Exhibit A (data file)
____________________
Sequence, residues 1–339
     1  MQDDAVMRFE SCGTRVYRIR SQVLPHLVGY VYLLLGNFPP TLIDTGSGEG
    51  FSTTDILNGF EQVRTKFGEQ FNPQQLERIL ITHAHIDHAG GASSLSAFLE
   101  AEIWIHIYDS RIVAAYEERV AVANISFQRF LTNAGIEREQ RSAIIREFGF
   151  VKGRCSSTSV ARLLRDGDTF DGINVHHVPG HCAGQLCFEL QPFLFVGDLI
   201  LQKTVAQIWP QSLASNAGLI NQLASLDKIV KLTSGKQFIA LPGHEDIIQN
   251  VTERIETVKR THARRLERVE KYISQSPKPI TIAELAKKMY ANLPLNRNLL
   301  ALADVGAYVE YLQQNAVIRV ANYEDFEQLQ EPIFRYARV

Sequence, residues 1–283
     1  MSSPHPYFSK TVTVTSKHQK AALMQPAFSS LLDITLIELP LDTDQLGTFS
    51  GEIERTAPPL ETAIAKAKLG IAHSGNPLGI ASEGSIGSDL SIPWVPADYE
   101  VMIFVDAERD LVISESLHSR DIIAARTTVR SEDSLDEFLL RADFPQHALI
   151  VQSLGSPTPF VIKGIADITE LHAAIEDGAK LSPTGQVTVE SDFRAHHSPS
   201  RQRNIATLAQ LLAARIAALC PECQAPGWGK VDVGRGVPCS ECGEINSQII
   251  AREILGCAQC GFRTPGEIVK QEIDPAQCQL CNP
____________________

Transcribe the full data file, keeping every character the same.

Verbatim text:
Sequence, residues 1–339
     1  MQDDAVMRFE SCGTRVYRIR SQVLPHLVGY VYLLLGNFPP TLIDTGSGEG
    51  FSTTDILNGF EQVRTKFGEQ FNPQQLERIL ITHAHIDHAG GASSLSAFLE
   101  AEIWIHIYDS RIVAAYEERV AVANISFQRF LTNAGIEREQ RSAIIREFGF
   151  VKGRCSSTSV ARLLRDGDTF DGINVHHVPG HCAGQLCFEL QPFLFVGDLI
   201  LQKTVAQIWP QSLASNAGLI NQLASLDKIV KLTSGKQFIA LPGHEDIIQN
   251  VTERIETVKR THARRLERVE KYISQSPKPI TIAELAKKMY ANLPLNRNLL
   301  ALADVGAYVE YLQQNAVIRV ANYEDFEQLQ EPIFRYARV

Sequence, residues 1–283
     1  MSSPHPYFSK TVTVTSKHQK AALMQPAFSS LLDITLIELP LDTDQLGTFS
    51  GEIERTAPPL ETAIAKAKLG IAHSGNPLGI ASEGSIGSDL SIPWVPADYE
   101  VMIFVDAERD LVISESLHSR DIIAARTTVR SEDSLDEFLL RADFPQHALI
   151  VQSLGSPTPF VIKGIADITE LHAAIEDGAK LSPTGQVTVE SDFRAHHSPS
   201  RQRNIATLAQ LLAARIAALC PECQAPGWGK VDVGRGVPCS ECGEINSQII
   251  AREILGCAQC GFRTPGEIVK QEIDPAQCQL CNP